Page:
A Zoo in My Luggage

A Zoo in My Luggage

Book - 2005
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For animal lovers of all ages, the true story of how Gerald Durrell and his wife founded England's Jersey Zoo. The book begins with an account of Durrell's third trip to the British Cameroons in West Africa, during which he and his wife capture animals to start their own zoo. Returning to England with a few additions to their family, they have nowhere to put them as they haven't yet secured a place for their zoo. Durrell's account of how he manages his menagerie in all sorts of places throughout England while finding a permanent home for the animals provides as much adventure as capturing them--From publisher description.
Publisher: New York, N.Y. : Penguin Books, 2005.
ISBN: 9780143035244
014303524X
Characteristics: 198 pages : illustrations ; 20 cm
Summary: For animal lovers of all ages, the true story of how Gerald Durrell and his wife founded England's Jersey Zoo. The book begins with an account of Durrell's third trip to the British Cameroons in West Africa, during which he and his wife capture animals to start their own zoo. Returning to England with a few additions to their family, they have nowhere to put them as they haven't yet secured a place for their zoo. Durrell's account of how he manages his menagerie in all sorts of places throughout England while finding a permanent home for the animals provides as much adventure as capturing them--From publisher description.

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b
barbaraszijarto
Dec 10, 2017

Another adventure story from the entertaining Gerald Durrell who sadly departed this world in 1995; however his legacy lives on for the benefit of many endangered species with the creation of the Durrell Wildlife Conservation Trust.

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GuyN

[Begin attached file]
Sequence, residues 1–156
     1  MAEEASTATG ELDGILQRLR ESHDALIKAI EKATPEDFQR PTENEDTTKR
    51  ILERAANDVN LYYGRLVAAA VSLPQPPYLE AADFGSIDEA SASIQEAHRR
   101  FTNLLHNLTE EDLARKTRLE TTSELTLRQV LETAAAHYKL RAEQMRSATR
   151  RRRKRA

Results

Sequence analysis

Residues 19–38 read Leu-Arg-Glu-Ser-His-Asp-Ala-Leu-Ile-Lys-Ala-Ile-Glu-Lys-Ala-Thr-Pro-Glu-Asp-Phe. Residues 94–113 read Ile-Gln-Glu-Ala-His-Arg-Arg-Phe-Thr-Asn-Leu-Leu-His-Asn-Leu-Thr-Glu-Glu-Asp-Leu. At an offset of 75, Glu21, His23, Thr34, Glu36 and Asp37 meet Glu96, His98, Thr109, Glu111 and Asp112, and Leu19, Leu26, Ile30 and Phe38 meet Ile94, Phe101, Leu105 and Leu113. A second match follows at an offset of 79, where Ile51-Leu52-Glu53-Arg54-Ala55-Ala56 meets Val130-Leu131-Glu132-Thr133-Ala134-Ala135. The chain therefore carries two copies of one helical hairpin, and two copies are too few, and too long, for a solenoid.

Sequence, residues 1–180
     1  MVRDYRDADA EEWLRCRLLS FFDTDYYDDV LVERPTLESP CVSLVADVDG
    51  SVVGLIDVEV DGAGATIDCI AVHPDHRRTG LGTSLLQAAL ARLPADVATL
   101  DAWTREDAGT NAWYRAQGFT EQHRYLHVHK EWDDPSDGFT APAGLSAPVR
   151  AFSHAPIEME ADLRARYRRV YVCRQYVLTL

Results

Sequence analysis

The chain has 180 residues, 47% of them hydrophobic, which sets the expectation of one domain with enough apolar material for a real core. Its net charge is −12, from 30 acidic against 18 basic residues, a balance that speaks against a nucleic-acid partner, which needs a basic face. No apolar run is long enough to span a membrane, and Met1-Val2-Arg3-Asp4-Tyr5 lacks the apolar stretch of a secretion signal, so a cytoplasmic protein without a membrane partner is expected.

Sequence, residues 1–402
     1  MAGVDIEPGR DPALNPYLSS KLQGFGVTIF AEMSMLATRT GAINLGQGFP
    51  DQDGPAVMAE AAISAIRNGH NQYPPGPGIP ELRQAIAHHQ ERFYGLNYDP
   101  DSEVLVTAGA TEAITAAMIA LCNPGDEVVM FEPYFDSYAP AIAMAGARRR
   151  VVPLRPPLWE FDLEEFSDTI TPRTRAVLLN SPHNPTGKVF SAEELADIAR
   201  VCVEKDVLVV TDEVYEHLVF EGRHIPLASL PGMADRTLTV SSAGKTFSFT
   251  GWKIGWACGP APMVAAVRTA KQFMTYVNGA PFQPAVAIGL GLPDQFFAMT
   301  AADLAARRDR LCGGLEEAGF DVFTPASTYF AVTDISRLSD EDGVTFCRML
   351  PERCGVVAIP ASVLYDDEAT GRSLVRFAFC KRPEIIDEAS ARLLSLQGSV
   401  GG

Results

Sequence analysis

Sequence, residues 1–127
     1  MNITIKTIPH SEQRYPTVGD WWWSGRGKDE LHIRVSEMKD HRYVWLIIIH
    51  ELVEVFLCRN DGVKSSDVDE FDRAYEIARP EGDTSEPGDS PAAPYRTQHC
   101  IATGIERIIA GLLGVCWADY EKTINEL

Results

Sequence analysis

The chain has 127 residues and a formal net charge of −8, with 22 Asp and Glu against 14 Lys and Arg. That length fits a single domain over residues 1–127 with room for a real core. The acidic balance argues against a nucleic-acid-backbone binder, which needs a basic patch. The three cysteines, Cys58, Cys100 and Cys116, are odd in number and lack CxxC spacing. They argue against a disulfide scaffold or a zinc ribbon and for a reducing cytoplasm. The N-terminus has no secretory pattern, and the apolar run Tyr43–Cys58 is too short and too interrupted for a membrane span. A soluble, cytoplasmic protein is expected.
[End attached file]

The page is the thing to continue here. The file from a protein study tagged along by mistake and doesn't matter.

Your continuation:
Jan 30, 2014

Durrell returns to the Cameroons in search of animals for his own zoo. He renews his acquaintance with the Fon of Bafut and meets a variety of new and challenging animals (for the black footed mongoose see Quotation) and many eager, helpful locals. Much hilarity ensues as Durrell is, as ever, quite capable of seeing the humor in disaster, even when he is the buffoon in the piece. His precise prose satisfies as a travelogue, an animal/human adventure, or as pure humor. I enjoy it as all three.

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GuyN
Mar 03, 2014

A quotation from the book while I mull over my review:<br/>I wanted a wooden box to house the first animal we had acquired. This was an extremely rare creature, a baby black-footed mongoose… after struggling with her for two hours in the front seat of the truck, my enthusiasm had begun to wane. Firstly she had wanted to investigate every nook and cranny in the cab, and, fearing that she might get tangled upin the gears and break a leg or something, I had imprisoned her inside my shirt. For the first half-hour she had stalked round and round my body, sniffing loudly. For the next half-hour she had made several determined attempts to dig a hole in my stomach with her exceedingly sharp claws, and on being persuaded to desist from this occupation she had seized a large portion of my abdomen in her mouth and sucked it vigorously and hopefully, while irrigating me with an apparently unending stream of warm and pungent urine.

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